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This example, as well as the one before this one where we did a check to see whether an index exists, both have some dependence on Ion. Remember, Ion is based upon richly-typed JSON, so it expects values to be similarly represented – which is why there are two different approaches for converting an item to an IonValue, even something as simple as the tableName, for comparison. The first of these is through the Amazon.IonDotnet.Tree.ValueFactory object as shown in the index validation snippet while the other is through the Amazon.IonDotnet.Builders.IonLoader as shown in the ToIonValue method.

Once you have the ledger, table, and any indexes you may want set up, the next step is to save some data into the table. This is done by executing a SQL-like command as shown below.

public void Save(object item)
{
    qldbDriver.Execute(x =>
        {
            x.Execute($"INSERT INTO {tableName} ?",
                       ToIonValue(item));
        }
    );
}
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Getting it out of the database is a little bit trickier as you want it to be cast into the appropriate data model. The approach for retrieving an item from the database and converting it into a plain old class object (POCO) is shown below.

public List<T> Get<T>(string accountNumber)
{
    IIonValue ionKey = valueFactory.NewString(accountNumber);

    return qldbDriver.Execute(x =>
    {
        IQuery<T> query = x.Query<T>(
            $"SELECT * FROM {tableName} as d 
              WHERE d.AccountNumber = ?", ionKey);
        var results = x.Execute(query);
        return results.ToList();
    });
}
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You can see that this is a two-step process. First, you create a generic query that is defined with the SELECT text and the appropriate model for the return set. You then Execute that query. This brings you back an Amazon.QLDB.Driver.Generic.IResult object that can be converted to return a list of the requested items matching the AccountNumber that was passed into the function.

That’s a quick review of the general functionality of QLDB. Let’s look at one more specific case, the history of an item – one of the prime drivers of using a ledger database. You do this by using the history function, a PartiQL extension that returns revisions from the system-defined view of your table. The syntax for using the history function is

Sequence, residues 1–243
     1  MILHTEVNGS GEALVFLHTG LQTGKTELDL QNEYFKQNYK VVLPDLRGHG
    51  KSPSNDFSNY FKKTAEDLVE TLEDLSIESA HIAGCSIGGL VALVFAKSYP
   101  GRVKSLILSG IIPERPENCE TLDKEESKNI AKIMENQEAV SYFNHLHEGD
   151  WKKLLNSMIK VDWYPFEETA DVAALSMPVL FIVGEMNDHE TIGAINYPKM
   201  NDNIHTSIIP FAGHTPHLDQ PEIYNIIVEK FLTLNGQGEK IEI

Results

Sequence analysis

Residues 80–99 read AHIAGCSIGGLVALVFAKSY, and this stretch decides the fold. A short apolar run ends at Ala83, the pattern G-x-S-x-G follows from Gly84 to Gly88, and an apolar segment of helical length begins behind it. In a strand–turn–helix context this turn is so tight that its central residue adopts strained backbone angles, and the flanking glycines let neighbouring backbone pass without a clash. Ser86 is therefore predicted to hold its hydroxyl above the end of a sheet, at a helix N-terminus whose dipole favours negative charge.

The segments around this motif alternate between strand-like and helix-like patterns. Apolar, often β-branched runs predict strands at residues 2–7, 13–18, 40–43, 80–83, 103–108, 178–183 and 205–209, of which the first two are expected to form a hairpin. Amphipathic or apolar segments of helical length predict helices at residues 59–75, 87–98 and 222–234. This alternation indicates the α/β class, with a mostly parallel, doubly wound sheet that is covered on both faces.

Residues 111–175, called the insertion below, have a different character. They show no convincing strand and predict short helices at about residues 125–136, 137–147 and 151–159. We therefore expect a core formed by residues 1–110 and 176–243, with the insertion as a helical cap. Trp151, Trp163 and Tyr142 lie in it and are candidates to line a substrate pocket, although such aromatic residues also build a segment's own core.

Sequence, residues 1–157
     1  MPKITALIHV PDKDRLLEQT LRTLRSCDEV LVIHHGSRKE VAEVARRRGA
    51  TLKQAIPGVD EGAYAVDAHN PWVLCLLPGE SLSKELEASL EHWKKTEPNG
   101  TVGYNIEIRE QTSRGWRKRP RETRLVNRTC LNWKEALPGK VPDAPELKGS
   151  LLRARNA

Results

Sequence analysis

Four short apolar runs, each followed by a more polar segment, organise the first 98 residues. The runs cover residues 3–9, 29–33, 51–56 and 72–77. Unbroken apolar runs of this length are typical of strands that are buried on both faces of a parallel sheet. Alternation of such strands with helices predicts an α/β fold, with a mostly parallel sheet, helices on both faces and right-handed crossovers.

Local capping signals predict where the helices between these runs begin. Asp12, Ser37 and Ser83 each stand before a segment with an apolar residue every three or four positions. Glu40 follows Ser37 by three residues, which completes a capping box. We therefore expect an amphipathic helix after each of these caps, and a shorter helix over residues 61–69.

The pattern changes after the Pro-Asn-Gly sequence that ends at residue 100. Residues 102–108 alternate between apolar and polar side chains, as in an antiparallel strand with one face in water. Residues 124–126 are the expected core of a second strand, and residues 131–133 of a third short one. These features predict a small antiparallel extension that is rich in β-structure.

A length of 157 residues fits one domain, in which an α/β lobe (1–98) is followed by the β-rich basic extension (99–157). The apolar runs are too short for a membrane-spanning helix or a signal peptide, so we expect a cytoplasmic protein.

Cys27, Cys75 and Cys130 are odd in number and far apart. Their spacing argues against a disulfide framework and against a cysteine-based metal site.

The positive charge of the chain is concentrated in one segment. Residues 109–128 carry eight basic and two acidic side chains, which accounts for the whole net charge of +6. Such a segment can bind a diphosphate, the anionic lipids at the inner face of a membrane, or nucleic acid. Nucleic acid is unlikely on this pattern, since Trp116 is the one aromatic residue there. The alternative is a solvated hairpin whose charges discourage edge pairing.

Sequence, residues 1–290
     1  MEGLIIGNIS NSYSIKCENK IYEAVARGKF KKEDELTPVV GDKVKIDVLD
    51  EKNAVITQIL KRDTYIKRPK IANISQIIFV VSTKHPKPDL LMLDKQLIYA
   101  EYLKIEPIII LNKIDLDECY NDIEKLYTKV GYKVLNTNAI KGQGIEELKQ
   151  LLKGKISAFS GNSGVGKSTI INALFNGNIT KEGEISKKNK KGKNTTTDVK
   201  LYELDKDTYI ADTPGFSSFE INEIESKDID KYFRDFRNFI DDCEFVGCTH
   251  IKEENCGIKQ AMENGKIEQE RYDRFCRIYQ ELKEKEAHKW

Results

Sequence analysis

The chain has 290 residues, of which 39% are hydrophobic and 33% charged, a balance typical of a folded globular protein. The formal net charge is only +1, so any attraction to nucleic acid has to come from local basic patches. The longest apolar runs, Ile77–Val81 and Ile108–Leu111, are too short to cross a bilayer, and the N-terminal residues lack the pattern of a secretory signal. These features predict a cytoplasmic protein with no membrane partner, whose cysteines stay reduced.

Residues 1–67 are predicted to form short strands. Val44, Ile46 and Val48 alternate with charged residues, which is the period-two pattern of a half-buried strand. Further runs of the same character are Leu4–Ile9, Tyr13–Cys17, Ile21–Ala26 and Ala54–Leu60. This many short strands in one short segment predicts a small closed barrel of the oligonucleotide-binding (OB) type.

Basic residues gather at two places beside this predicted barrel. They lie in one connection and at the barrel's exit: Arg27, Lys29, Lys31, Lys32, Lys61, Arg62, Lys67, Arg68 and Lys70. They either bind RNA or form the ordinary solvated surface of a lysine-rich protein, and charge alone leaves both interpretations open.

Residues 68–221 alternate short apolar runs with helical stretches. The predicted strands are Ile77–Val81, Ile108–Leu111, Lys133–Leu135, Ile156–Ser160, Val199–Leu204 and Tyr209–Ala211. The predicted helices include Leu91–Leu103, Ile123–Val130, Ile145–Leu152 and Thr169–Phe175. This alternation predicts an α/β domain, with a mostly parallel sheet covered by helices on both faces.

SELECT * FROM history(table,`start-time`,`end-time` ] ] ) AS h
[ WHERE h.metadata.id = 'id' ]
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The start time and end time values are optional. Using a start time will select any versions that are active when the start time occurs and any subsequent versions up until the end time. If no start time is provided, then all versions of the document are retrieved, and the current time is used in the query if the end time value is not explicitly defined. However, as you can see, the optional WHERE clause is using a metadata.id value – which we have never talked about. This metadata.id value is used by QLDB to uniquely identify each document and can be accessed through the metadata of the document. One way to get this information is shown below:

public string GetMetadataId(Account item)
{
    IIonValue ionKey = 
                  valueFactory.NewString(item.AccountNumber);
    IEnumerable<IIonValue> result = new List<IIonValue>();

    qldbDriver.Execute(x =>
    {
        result = x.Execute($"SELECT d.metadata.id as id 
                FROM _ql_committed_{tableName} as d 
                WHERE d.data.AccountNumber = ?", ionKey);
    });

    IIonValue working = result.First();
    return working.GetField("id").StringValue;
}
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This code snippet accesses the “committed” view, one of the different views provided by QLDB that provides access to information about your data. Taking the result from that query, and plugging it into the previous snippet where we queried using the history function will get you the history of that document for the time period defined in the query. Thus, you can access the current version as well as have access to all the history; all by executing SQL-like commands.

There is a lot more we can go into about using Amazon QLDB and .NET together, probably a whole other book! To recap, however, Amazon QLDB is a ledger database, which means it provides an immutable, transparent, and cryptographically verifiable transaction log that you can access and evaluate independently from the active version.